Lali saw the tragic look on her aunt’s face and said, “Let me call you back.”
“Told me what, Titi?”
“Your father didn’t die fighting in Kuwait, I don’t think he was ever in the military. They met at the Waldorf Astoria where they worked, she was in housekeeping and he worked the front desk. They saw each other often but as soon as your mother found out she was pregnant with you, he disappeared. She felt so stupid, trusting him and thinking he was in love with her. She came down here to raise you and told everyone he died in the service before they could get married.”
“Puneta! So, what he thinks he can make up for abandoning us by giving me a hotel?”
“Then the letter is real?”
“Apparently, but I don’t want anything from him.”
“Mija, it’s a hotel.”
Lali sucked her teeth. “It’s a bribe! He’s trying to buy my love and it’s not for sale.”
“Chica, the man is dead and now so is your mother. All your life all you ever talked about was running your own hotel. You used to make little rooms out of shoeboxes and milk crates for your friends’ dolls when they went on vacation, remember? You took good care of your mama for ten years, now it’s time to put that degree of yours to good use. God is giving you the chance to start your life again.”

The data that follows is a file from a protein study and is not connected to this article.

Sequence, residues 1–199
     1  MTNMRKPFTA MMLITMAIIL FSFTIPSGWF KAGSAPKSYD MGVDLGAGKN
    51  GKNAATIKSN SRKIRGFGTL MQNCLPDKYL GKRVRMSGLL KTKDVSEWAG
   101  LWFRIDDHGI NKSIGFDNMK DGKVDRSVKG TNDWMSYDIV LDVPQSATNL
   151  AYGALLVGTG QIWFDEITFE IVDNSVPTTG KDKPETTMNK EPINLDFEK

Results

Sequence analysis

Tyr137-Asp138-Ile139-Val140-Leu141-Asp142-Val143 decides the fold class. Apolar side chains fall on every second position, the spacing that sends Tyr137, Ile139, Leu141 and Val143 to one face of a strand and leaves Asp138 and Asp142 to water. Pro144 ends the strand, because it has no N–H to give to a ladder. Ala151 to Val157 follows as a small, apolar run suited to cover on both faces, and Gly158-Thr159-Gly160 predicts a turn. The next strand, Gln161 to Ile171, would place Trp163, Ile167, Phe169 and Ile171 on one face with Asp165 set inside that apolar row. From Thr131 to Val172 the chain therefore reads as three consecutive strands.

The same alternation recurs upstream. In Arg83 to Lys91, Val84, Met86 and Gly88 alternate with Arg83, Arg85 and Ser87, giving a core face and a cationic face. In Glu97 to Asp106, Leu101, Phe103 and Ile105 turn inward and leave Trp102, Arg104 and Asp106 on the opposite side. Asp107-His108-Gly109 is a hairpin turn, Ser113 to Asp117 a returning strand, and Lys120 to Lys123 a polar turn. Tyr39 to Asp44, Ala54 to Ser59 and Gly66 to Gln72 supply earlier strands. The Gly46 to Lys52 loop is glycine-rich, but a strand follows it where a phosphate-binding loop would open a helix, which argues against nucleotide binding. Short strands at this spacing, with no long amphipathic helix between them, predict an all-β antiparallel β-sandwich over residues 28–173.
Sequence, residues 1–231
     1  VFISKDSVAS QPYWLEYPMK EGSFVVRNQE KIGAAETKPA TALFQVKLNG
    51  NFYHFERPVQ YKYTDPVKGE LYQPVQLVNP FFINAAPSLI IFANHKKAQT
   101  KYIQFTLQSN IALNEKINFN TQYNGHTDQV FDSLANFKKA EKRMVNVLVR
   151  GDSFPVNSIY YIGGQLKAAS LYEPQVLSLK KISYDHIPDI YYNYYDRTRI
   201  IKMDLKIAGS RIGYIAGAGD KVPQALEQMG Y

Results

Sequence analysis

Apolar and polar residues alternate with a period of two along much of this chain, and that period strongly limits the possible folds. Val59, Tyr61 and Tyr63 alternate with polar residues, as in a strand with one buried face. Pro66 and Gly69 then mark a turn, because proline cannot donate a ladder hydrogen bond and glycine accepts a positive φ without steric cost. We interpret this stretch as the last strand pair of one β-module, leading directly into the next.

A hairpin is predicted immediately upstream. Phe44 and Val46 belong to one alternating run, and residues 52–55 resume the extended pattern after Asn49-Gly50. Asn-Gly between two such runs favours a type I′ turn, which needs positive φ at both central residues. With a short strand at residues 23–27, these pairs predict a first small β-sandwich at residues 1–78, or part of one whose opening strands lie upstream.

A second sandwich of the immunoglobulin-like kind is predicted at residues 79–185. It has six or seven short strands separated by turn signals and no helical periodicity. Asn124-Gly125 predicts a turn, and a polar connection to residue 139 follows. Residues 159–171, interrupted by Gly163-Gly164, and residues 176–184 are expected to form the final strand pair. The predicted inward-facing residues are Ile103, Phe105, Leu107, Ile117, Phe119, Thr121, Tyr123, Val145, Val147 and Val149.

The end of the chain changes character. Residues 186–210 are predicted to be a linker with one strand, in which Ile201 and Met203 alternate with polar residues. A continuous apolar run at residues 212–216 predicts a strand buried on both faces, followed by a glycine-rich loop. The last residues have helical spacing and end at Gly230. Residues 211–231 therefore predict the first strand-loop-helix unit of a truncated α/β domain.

Lali hadn’t believed in God since her mother was first diagnosed with breast cancer after a long life of making beds and scrubbing toilets but she bit back the retort she knew would upset her aunt. Everything the woman said was true and Lali knew throwing the hotel back in her father’s face wouldn’t affect him any now that he was dead. She’d be foolish to pass up the chance to run her own place and leave her thankless job working for a pervy boss at a roach infested motel off I-95.
“It’s on the island of San Sebastian somewhere in the Caribbean, although I’ve never heard of it. It might take me some time to get settled, will you be alright here until I can send for you?”
Carmen squeezed Lali’s hand so hard a knuckle cracked and she laughed, “I’ll be just fine, go!”